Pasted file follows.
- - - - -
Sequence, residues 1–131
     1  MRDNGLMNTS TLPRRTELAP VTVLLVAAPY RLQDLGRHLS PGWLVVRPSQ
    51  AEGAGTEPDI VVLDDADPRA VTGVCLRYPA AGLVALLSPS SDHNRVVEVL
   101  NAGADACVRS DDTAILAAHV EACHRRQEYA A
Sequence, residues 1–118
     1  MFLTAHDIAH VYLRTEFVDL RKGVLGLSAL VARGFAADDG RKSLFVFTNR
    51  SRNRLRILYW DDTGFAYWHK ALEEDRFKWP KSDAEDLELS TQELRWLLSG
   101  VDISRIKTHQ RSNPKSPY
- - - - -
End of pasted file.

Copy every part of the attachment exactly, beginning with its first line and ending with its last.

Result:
Sequence, residues 1–131
     1  MRDNGLMNTS TLPRRTELAP VTVLLVAAPY RLQDLGRHLS PGWLVVRPSQ
    51  AEGAGTEPDI VVLDDADPRA VTGVCLRYPA AGLVALLSPS SDHNRVVEVL
   101  NAGADACVRS DDTAILAAHV EACHRRQEYA A
Sequence, residues 1–118
     1  MFLTAHDIAH VYLRTEFVDL RKGVLGLSAL VARGFAADDG RKSLFVFTNR
    51  SRNRLRILYW DDTGFAYWHK ALEEDRFKWP KSDAEDLELS TQELRWLLSG
   101  VDISRIKTHQ RSNPKSPY